In an appearance on Oral Sessions with Renee Paquette, Eric Bischoff was asked to describe his perspective of WWE production meetings during his tenure as Creative Director of Smackdown.
While he admitted that it works for what WWE does, Eric Bischoff revealed he was no fan of the meetings, believing them to be too long and ultimately pointless when WWE owner and chairman Vince McMahon tore up the show’s script later in the day.
“My first visceral reaction is ‘this is a fu**ing waste of a lot of time,’” Bischoff said. “You do not need all of those people in one large meeting. And when they’re going through a format, I don’t give a s–t. I don’t need to know when a graphic is going to hit. The guys in the truck need to know that, they should have their own production meeting. And to spend two hours going over that stuff that you really only needed about an hour tops, forty-five minutes if you’re focused — to get through, and then to tie up all of that staff who are not doing other things that they could actually be doing, that actually could make difference. By the way, we worked on all that stuff during the week before we got to TV. It isn’t like this is the first time anybody has ever seen this s–t, right? So then you sit through that two-hour, three-hour production meeting, whatever the hell it was. Oh by the way, while you’re sitting there starving because you haven’t had lunch yet, you’re watching Hunter and Vince pounding down filet mignon and sushi while you’re all sitting there, sucking down warm coffee in a fucking Styrofoam cup. I thought that was a real waste of time.
“And then here’s the best part. Everybody does get to eat lunch, they go off and start doing the things everybody thought they were assigned to do at the end of that prolongated luncheon for the McMahon family and its extended clan. And then you find out ‘oh (ripping sounds), we’re tearing this s–t up and we’re going to start over again at 5 o’clock.’ And we’re not talking about ‘let’s take this match and move it from segment 3 to segment 6’ or ‘somebody got hurt in the back, so let’s rebook another match and find a way to explain it and make sense of it.’ It’s not that it’s ‘we’re blowing it up!’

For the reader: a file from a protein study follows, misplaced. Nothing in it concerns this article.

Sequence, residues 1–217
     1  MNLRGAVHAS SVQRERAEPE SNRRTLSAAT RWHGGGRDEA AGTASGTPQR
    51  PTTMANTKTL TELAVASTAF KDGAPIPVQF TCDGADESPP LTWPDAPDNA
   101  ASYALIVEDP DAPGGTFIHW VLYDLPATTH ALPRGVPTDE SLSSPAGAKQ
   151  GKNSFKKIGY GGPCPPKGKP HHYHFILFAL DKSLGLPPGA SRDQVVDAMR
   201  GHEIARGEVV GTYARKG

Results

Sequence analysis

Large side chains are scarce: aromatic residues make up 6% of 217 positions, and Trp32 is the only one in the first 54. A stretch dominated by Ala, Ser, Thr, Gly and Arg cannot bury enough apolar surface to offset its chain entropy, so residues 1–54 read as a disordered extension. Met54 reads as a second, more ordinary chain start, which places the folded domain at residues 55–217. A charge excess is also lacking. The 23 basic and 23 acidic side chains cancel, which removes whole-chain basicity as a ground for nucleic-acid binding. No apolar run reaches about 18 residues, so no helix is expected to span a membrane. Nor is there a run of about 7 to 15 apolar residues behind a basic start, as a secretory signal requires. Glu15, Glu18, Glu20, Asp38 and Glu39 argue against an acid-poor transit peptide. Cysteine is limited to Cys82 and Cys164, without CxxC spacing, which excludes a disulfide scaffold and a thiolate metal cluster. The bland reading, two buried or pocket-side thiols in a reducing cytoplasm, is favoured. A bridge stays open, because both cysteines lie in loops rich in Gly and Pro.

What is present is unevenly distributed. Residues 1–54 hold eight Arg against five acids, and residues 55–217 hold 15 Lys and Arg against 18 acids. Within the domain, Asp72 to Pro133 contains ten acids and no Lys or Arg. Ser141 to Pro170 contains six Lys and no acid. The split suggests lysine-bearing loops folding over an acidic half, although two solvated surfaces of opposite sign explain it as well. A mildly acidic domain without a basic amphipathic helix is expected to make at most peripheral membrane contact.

“Renee, I don’t know if you’ve had this experience, but there were times, fifteen minutes before showtime, and we’re rewriting scenes. Here’s the other side of that, because I’m grateful for that experience and I know it sounds like I’m slamming on them. But I’m not, I’m just telling the truth. You asked me how it made me feel, I don’t know how it made everyone else feel. They may have dug it, they may have felt it was valuable. I’m just telling you from my perspective because I kept thinking ‘what would I do if I was taking this over? First thing I would do is change this meeting format, because what a waste of tons of freakin’ time.’ But let’s be honest; it’s working for them. It’s a tough formula for people to adapt to, it’s tough for someone like me because of the way I think and the way I prefer to work, it’s tough on talent. But it’s working.”
Later, in an unprompted moment, Eric Bischoff revealed what he would do if he was asked to come back to work for WWE in the same role. The answer would be a resounding no, no matter what the money offer would be.
“I do know one thing,” Bischoff said. “If Bruce (Prichard) calls me after the show hits the air and says ‘hey, do you want to go back to Connecticut?’ I know what the answer is going to be. And I don’t think there’s enough money anymore. You can only be so happy with money.”